Notes and Editorial Reviews
Dawn Upshaw's voice has that innocent wondering vulnerability all too little known amongst the knowing and blowsy ranks of the majority of operatic divas. Upshaw's approach is a shade more mature than Davrath (my first recommendation - on Vanguard - despite its saturated sound colours). She has an alto accentuation and a darker tincture than Davrath's demoiselle tone. This is well illustrated by a comparison of Upshaw and Davrath in L'Aïo dè rotso in which Upshaw’s warm lower register has the benefit of outstanding orchestral playing. Superb shepherd fifing from the Lyon woodwind principals - seething with eccentric character. The same qualities light up the playing in Ound'onouren Gorda? and the various Bourrées. There is some astoundingly sensitive clarinet playing in N'aï pas iéu de mio.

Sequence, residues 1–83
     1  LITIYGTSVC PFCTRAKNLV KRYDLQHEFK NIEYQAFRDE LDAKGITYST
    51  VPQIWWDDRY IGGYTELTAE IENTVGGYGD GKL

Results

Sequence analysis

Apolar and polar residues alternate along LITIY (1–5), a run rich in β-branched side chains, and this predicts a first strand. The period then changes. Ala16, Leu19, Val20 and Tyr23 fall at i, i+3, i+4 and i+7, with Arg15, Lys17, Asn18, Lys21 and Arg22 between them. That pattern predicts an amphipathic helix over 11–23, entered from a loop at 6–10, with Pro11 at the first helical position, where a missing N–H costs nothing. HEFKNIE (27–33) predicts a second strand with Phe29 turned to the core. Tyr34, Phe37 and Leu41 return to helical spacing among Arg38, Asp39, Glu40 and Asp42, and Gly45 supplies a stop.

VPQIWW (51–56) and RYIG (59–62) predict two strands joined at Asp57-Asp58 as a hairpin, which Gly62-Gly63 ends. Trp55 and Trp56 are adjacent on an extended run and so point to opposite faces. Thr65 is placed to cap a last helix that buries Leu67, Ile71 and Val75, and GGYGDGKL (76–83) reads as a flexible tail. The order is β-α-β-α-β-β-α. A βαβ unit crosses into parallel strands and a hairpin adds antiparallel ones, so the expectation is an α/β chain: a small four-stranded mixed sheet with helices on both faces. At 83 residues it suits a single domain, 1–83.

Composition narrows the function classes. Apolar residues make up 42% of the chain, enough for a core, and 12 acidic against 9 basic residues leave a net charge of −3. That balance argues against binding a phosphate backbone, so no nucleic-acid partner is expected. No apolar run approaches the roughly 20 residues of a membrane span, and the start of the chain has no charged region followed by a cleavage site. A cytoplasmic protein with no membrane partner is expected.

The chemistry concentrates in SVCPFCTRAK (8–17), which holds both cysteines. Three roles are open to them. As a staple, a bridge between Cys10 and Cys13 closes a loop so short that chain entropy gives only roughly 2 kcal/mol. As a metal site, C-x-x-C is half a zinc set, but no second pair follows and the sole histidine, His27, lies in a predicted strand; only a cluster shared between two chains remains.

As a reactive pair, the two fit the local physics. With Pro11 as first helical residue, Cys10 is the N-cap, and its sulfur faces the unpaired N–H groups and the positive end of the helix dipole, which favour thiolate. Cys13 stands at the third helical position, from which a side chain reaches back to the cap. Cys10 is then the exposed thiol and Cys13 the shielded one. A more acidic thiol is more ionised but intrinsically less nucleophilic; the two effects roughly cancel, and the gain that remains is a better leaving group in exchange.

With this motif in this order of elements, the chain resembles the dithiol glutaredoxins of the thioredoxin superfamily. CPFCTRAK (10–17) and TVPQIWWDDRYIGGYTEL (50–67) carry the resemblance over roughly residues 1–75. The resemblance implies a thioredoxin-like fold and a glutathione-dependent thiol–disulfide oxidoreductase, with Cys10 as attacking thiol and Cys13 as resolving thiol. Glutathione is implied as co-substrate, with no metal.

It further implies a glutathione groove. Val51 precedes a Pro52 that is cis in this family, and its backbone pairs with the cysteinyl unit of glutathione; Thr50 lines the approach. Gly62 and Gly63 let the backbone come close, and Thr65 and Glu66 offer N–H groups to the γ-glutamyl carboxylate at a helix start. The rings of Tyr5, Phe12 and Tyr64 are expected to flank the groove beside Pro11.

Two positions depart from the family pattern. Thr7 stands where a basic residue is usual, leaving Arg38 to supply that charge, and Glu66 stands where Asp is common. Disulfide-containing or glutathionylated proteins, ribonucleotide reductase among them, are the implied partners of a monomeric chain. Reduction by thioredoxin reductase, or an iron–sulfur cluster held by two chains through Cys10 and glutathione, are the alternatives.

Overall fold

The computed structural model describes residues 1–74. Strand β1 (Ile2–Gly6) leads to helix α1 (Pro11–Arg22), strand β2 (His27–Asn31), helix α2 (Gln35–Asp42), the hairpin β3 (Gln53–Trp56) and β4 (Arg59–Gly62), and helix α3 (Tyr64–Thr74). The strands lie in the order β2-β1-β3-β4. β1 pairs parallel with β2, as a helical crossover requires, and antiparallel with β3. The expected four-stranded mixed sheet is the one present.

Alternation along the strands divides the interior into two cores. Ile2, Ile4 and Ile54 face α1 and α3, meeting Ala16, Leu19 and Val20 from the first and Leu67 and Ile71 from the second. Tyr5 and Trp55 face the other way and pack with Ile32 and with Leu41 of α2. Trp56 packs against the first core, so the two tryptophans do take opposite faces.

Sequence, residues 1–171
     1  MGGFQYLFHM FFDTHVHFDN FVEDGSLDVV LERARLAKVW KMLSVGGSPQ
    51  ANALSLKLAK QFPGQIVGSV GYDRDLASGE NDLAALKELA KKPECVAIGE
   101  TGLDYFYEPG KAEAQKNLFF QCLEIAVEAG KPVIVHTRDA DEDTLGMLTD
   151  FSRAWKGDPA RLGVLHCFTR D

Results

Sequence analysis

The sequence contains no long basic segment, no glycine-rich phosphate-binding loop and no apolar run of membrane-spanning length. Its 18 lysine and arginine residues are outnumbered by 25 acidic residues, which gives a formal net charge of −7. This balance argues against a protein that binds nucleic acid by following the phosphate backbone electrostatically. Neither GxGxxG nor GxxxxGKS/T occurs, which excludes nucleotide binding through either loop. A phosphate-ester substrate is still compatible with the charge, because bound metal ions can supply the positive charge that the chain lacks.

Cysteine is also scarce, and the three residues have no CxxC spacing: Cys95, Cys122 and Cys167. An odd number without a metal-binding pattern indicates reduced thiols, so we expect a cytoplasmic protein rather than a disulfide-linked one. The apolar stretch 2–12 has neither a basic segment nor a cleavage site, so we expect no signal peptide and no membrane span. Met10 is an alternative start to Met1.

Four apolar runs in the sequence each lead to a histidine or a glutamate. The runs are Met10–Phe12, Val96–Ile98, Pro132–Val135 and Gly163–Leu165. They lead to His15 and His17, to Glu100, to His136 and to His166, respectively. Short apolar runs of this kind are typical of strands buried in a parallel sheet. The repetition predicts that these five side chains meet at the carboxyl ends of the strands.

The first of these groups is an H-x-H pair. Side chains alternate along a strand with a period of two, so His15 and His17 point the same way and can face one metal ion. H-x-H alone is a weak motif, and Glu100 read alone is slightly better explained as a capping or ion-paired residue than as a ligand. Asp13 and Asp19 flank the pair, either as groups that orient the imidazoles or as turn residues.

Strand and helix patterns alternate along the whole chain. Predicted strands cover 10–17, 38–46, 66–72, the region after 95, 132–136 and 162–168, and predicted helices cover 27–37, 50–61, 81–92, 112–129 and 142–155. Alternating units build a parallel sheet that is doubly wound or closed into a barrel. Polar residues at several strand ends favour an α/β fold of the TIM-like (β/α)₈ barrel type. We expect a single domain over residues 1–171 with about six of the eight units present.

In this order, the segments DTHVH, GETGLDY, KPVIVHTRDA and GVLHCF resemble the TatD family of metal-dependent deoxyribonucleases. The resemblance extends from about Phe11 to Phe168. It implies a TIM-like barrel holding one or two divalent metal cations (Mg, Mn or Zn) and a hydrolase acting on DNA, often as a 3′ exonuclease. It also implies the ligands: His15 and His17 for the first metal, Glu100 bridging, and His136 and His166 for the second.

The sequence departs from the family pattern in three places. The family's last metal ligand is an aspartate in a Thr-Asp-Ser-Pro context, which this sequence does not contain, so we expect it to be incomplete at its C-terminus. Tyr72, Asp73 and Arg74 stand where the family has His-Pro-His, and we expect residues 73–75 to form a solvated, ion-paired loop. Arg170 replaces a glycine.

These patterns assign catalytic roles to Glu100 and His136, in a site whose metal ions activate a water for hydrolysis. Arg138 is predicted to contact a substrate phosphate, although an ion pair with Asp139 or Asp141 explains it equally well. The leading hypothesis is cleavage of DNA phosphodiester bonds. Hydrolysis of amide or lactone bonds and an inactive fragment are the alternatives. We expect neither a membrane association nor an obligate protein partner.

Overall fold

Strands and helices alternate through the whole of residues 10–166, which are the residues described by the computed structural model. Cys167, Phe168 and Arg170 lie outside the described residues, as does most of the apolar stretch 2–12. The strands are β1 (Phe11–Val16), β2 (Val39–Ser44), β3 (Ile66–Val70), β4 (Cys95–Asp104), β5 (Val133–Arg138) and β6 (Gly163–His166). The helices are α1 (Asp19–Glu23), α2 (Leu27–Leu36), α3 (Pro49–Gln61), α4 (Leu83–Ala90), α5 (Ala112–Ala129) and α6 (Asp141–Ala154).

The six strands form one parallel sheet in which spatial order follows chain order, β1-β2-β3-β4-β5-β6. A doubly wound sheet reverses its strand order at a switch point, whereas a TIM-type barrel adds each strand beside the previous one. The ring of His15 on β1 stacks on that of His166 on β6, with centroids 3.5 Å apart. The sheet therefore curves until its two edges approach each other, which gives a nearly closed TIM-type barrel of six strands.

I have not compared times but Upshaw leans towards very slow tempi in the andante songs (of which there are many). The classic Baïlèro is sweetly handled. The effect is enhanced by Upshaw's voice switching from left to right channel to mimic the bergère hillside dialogue patent in the sung words.
Upshaw can still show a pretty pair of heels for example in Chut Chut where the smile in her voice is unmistakable as also in superb Hé Beyla-z-y dau fé with its spirited donkey bray and real kick. The summer ooze rather moderates the effect in the dog-calls of Tè l'Co tè and in the sprightly Obal dins lou Limouzi (superbly rustic drum sounds here) but she serves us well in Brezairola and Per l'èfon - both lullabies. Davrath however manages the fonder ardent smile of the child mother.
I commend this set very strongly to those who would like both a splendid modern recording of the Canteloube songs and a chance to widen horizons with the Emmanuel.
This is a good set, very well recorded and with the merit of Dawn Upshaw's voice a central attraction. Will be preferred by those who like a leisurely Delian approach to their Canteloube songs.
– Rob Barnett, MusicWeb International